The kinesin now has both "feet" on the microtubule, and has to spend energy, and lift one foot, to move. There's only one foot it can lift — the one with ATP. The ATP gets ripped apart, turned into ADP, and its energy helps lift the former lead foot off the microtubule. We are back where we came in. The kinesin has one foot down on the tube, empty, waiting for ATP, and one foot off the tube, filled with ADP, and ready to move.
Enzymes, Electrons, and ATP
Although the structure of the molecule, the structure of the microtubule, and the wash of the cytoplasm all partially explain how kinesin walks forward, the thing that brings the energy to that system is ATP. How, then, is ATP made?
The answer to that lies in enzymes. Most of the reactions — the splitting and joining together of molecules — in a cell would happen eventually, no matter what. The reactions bring the molecules to a lower energy state than they were before. But there is a problem. To start the reaction, the molecules need an influx of energy, known as activation energy. Left to their own devices, it would take them so long to get that energy that using these reactions to sustain life would be completely impossible.
Enzymes are highly-specific proteins, each with a pocket that exactly fits the molecules involved in a certain reaction. Think of an enzyme as a compressed spring. When the right molecules fit inside it, the spring goes off. This solves the problem of activation energy. Although the molecules get pressed together (or torn apart) by the enzyme, and their energy goes up, the enzyme's energy goes way down during the reaction, like a spring's energy goes down after it's released. The overall energy of the system drops at every stage.
Enzymes help wind up the machine that creates ATP. But perhaps it would be better to say the machine recreates ATP. ATP (triphosphate) gets ripped apart into ADP (disphosphate). It's recreated when the phosphate is reattached. The cell has the material. It just needs the energy.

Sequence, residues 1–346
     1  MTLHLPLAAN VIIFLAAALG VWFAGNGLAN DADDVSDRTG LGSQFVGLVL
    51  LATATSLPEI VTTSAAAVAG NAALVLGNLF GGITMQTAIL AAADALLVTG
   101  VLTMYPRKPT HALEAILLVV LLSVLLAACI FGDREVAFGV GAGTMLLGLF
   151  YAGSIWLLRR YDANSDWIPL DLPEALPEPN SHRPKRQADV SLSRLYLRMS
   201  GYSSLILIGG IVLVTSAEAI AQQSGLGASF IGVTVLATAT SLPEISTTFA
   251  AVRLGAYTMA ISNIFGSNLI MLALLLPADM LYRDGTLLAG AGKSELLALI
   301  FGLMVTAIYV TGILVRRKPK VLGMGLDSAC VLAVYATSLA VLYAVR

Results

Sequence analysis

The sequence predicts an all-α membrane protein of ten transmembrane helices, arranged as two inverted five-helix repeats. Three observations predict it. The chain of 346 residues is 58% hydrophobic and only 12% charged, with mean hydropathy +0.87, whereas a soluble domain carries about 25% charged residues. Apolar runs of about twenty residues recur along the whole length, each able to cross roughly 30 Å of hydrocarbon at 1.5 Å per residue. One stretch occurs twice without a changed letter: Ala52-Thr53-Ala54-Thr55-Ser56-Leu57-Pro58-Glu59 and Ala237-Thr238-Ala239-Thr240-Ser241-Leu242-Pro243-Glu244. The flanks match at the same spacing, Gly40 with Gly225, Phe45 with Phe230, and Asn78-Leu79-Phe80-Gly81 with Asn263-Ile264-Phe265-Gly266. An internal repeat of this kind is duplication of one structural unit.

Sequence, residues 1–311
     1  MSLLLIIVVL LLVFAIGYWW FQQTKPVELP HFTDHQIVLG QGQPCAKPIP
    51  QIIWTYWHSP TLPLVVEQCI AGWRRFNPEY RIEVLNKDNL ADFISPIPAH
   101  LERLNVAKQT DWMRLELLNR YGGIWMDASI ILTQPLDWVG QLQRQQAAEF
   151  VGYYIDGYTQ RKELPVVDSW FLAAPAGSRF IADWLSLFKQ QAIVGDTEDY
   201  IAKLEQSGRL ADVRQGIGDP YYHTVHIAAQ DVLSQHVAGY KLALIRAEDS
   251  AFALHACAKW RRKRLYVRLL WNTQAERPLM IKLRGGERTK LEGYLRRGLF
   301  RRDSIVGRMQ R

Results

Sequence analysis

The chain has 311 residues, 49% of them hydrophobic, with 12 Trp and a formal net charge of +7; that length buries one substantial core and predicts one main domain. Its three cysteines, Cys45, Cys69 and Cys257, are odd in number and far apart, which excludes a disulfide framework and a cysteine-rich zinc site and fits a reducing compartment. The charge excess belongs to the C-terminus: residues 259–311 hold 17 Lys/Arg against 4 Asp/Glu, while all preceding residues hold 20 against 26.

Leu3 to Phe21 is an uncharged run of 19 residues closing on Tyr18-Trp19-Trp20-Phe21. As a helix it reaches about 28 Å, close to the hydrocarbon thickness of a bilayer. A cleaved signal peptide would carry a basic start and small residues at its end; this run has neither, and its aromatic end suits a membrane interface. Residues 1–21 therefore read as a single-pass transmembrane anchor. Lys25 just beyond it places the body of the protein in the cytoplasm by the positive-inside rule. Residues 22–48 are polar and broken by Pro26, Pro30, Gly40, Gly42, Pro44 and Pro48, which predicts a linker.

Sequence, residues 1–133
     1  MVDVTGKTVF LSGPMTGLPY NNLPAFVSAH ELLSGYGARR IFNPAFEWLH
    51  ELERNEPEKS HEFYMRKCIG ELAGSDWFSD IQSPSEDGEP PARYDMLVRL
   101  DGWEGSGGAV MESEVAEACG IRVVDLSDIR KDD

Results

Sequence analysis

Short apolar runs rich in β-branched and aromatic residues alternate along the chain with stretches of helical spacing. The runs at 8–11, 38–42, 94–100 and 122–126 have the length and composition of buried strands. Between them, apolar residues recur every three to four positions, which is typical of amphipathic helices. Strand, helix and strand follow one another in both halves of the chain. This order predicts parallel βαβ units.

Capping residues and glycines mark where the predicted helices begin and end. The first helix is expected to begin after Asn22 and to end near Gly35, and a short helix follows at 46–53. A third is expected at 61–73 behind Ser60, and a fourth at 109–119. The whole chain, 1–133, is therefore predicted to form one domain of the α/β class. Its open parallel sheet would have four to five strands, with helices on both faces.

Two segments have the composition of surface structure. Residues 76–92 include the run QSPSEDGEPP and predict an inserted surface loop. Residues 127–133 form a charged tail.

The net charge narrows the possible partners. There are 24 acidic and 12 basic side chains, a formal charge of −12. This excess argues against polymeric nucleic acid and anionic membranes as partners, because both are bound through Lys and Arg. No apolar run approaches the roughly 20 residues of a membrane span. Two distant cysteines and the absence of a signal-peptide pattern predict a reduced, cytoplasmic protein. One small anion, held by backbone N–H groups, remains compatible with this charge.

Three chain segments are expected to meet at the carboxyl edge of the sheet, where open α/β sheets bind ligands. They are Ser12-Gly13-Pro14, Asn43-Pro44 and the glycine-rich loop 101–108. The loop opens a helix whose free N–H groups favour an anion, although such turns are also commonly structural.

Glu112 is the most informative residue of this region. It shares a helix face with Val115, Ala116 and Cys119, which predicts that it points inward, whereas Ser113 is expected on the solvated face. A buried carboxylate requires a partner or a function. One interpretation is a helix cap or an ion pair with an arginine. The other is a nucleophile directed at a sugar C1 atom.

It gets the energy from glucose. Glucose, which we consume at every meal, gets broken down into pyruvic acid, which, in turn, is broken and reorganized into a molecule called NADH. The main attraction of NADH is its willingness to part with both its hydrogen (that's what the H stands for) and a lot of its electrons. It parts with these inside the mitochondria, the powerhouses of the cell.
A mitochondrion has two cell walls, one inside the other. The NADH starts out inside both membranes, in the heart of the mitochondrion. In there, it meets with its first enzyme, which is embedded in the inner cell wall. When the NADH enters, the enzyme rips off the hydrogen, and ejects it - so the hydrogen is outside the inner cell wall, but still kept close by the outer cell wall. When the hydrogen gets ejected, it gets ejected sans electron. The electron is still at the heart of the mitochondrion. Without its electron, the hydrogen is slightly positively charged, stuck between the inner and outer wall. A succession of enzymes push more positive hydrogen ions outside the cell wall, and leave more negative electrons inside the cell wall.
There is a word for something that keeps a lot of negative charges on one side of a barrier and a lot of positive charges on the other — a battery. The cell has used enzymes to store up electrical energy. It uses that electrical energy to reattach the phosphate to ADP, turning it back into ATP. The energetic ATP is now ready to be used in another reaction anywhere in the cell.
It's always possible to take a step back. How do enzymes store up energy? How is the microtubule that kinesin walks on formed? How is kinesin itself formed? These examples aren't exhaustive, or even final, but they do show us how the cell manages to fuel and organize its internal structures, and how biology and physics come together.